I use only cold water taps, except once a day, when I wash
dishes, take a shower and do the laundry (if needed) in series.
In summer, I shower with solar hot water from our back-yard
hose. Heating water comprises 15-20% of a typical household
energy bill. Go
Solar for Free Hot Water, an article in Mother Earth
News, lets you evaluate an earth-friendly alternative. I
wash in cold water every morning to habituate to cold water
immersion, a practice that is a tested safety measure for
workers in cold water environments.
Drive wisely & consider a hybrid when you buy your next
In 2012 I decided to invest in my first new car, and chose a
hybrid 2011 Toyota Prius II. The informative dashboard display
was great motivation to change my driving habits, and I was
able to get 52 miles per gallon within the first three days of
driving. Some people think you can't put a kayak rack on a
Prius, but I carry up to three kayaks on my roof using Thule
aerobars and several types of saddles, sliders and J-hooks. I
still get 47 miles per gallon carrying kayaks!
Not everyone can afford to buy a hybrid car, so thanks to a
high school teacher who saw this web page, I've got a terrific
link to her students' suggestions to Reduce
Your Automobile's Impact on the Environment.
Minimize auto use
We plan ahead so errands can wait until there are at least
three things to do in the same geographic area. Combining
errands, or "trip chaining," helps improve air quality and
reduces traffic congestion. See Ten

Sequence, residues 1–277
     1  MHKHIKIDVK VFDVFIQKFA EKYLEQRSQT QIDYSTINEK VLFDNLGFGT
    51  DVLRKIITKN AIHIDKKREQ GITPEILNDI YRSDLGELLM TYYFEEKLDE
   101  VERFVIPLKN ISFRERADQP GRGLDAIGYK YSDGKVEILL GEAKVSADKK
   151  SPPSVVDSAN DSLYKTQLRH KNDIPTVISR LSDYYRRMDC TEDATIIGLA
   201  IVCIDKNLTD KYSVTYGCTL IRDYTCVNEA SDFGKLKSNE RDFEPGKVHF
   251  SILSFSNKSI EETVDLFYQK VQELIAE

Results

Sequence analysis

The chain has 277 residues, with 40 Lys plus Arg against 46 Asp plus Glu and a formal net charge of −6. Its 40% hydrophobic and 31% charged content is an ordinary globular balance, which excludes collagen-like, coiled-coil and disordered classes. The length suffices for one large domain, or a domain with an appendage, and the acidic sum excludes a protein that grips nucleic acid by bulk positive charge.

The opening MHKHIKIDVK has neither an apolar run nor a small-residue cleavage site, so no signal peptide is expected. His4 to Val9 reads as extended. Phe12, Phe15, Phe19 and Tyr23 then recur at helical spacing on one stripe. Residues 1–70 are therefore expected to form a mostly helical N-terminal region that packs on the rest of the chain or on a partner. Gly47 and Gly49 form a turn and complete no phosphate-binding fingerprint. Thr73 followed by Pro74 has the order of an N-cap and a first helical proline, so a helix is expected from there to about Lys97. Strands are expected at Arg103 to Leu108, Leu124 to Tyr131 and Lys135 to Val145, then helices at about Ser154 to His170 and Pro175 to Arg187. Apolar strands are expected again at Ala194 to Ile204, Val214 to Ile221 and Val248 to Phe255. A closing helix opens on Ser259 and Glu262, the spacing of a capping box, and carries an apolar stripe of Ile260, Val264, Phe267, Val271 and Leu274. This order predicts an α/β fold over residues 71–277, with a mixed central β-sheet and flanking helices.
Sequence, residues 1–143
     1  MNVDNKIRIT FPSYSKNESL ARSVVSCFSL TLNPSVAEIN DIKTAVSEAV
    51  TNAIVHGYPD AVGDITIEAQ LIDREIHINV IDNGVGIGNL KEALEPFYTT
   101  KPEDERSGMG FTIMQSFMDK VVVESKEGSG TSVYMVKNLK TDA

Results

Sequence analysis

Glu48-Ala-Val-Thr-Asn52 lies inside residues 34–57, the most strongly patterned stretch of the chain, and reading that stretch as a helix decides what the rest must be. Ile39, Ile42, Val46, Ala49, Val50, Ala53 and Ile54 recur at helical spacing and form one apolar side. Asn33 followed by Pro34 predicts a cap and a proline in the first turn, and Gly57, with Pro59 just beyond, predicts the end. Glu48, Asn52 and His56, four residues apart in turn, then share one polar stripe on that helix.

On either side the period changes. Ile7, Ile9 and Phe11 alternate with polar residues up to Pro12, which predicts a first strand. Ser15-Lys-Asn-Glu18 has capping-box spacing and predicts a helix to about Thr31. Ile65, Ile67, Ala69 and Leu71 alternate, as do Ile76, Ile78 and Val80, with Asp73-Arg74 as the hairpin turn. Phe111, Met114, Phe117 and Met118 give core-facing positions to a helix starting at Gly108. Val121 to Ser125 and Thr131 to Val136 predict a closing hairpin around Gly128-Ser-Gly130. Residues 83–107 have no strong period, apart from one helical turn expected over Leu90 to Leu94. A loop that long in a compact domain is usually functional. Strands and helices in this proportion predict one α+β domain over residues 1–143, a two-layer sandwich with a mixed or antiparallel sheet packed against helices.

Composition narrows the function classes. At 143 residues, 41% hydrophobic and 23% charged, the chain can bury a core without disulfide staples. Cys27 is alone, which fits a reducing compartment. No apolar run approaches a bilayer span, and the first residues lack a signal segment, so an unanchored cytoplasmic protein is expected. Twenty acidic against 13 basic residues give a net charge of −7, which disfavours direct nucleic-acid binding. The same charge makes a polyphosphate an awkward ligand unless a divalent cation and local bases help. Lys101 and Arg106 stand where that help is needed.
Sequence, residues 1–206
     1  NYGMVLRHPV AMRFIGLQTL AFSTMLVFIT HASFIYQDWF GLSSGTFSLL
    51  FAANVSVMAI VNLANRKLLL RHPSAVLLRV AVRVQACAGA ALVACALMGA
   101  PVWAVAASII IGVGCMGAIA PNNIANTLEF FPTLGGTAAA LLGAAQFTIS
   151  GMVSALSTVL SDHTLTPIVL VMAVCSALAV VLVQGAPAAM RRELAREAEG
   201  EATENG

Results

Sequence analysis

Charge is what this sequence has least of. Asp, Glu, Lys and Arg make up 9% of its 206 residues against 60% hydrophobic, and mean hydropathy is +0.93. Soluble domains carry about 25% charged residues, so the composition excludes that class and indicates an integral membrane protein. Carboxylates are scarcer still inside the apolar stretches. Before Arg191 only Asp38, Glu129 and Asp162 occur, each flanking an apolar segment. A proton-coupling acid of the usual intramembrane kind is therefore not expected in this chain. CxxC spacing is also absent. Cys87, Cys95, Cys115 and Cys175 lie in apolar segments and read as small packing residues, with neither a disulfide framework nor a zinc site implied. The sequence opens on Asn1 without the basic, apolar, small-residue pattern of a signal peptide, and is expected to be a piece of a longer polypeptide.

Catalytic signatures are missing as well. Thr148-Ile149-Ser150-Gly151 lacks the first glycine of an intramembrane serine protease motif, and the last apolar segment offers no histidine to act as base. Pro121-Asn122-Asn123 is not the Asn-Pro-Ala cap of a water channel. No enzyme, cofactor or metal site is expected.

Simple Steps to find out how easy it is to make an impact.
Use the Terrapass
carbon footprint calculator to find out what your impact is
from driving and flying. Having a measure helps you set and
reach a goal for reduction. My goal is for the Prius to sit in
the driveway three days a week, up from two days last year.
Using alternate modes of local transportation is healthier for
us, and for the air we breathe. I keep two bikes tuned and
ready to go for sunny day errands, or I put on a backpack and
walk to the local convenience store. I use Metro
North rail to get from Norwalk to Manhattan to visit
Photo: Our vegie garden grows in front, where a southeast
exposure gives best sunlight.
Use regionally based suppliers
A large portion of fossil-fuel use comes from transportation
for the goods we buy. Whenever feasible, I purchase from local
suppliers. Supporting them ensures a sound regional economy and
helps the Earth.
I harvest greens, herbs and fruits from my own garden from
April through December/January. In 2015, I succeeded in growing
all the produce I needed through December. My goal for 2016 is
to last through February, using crop covers and frozen or
canned produce. The just-picked sweet taste is unbeatable!
Follow this link to find a Farmers' Market in your area: Fairfield
County Farmers' Markets.
In the winter I suggest you look for "Connecticut Grown" or
"Local" produce at the supermarket. I read labels to choose
local producers for staples such as flour, eggs, tea and
sweeteners. Check out Local Harvest to learn
more. As a radical commitment to the Earth, I've forsworn
tropical produce, unless I'm visiting in the tropics. Think
about it - on average, produce grown in the US travels 1300
miles to reach grocery shelves. My mom taught me to drink four
ounces of orange juice in the morning to get my vitamin C, but
I get plenty from tomatoes, peppers, potatoes, kale, collards,
broccoli, cabbage, yams, raspberries, cranberries, watermelon
Travelling to kayak doesn't make sense when we live on the
shore of Long Island Sound, with its rivers, creeks, marshes,
estuaries and the Sound itself, all within a short drive for
coastal county residents. As an Environmental Educator, I